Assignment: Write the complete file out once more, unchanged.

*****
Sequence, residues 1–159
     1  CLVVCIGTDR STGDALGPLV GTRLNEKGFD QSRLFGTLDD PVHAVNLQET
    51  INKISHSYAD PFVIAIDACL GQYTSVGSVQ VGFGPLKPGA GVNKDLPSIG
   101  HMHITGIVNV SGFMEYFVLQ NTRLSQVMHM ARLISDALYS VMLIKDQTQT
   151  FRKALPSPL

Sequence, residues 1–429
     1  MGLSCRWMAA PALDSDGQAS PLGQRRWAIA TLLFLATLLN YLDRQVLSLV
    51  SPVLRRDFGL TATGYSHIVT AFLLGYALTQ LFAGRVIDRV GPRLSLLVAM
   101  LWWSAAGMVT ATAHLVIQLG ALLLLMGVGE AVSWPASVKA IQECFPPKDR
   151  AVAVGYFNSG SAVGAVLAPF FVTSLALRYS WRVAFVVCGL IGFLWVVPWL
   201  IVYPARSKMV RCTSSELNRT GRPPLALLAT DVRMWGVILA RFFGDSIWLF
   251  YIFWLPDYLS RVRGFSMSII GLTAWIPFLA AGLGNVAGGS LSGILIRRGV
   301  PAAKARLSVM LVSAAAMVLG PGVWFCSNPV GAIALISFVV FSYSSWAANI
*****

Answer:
Sequence, residues 1–159
     1  CLVVCIGTDR STGDALGPLV GTRLNEKGFD QSRLFGTLDD PVHAVNLQET
    51  INKISHSYAD PFVIAIDACL GQYTSVGSVQ VGFGPLKPGA GVNKDLPSIG
   101  HMHITGIVNV SGFMEYFVLQ NTRLSQVMHM ARLISDALYS VMLIKDQTQT
   151  FRKALPSPL

Sequence, residues 1–429
     1  MGLSCRWMAA PALDSDGQAS PLGQRRWAIA TLLFLATLLN YLDRQVLSLV
    51  SPVLRRDFGL TATGYSHIVT AFLLGYALTQ LFAGRVIDRV GPRLSLLVAM
   101  LWWSAAGMVT ATAHLVIQLG ALLLLMGVGE AVSWPASVKA IQECFPPKDR
   151  AVAVGYFNSG SAVGAVLAPF FVTSLALRYS WRVAFVVCGL IGFLWVVPWL
   201  IVYPARSKMV RCTSSELNRT GRPPLALLAT DVRMWGVILA RFFGDSIWLF
   251  YIFWLPDYLS RVRGFSMSII GLTAWIPFLA AGLGNVAGGS LSGILIRRGV
   301  PAAKARLSVM LVSAAAMVLG PGVWFCSNPV GAIALISFVV FSYSSWAANI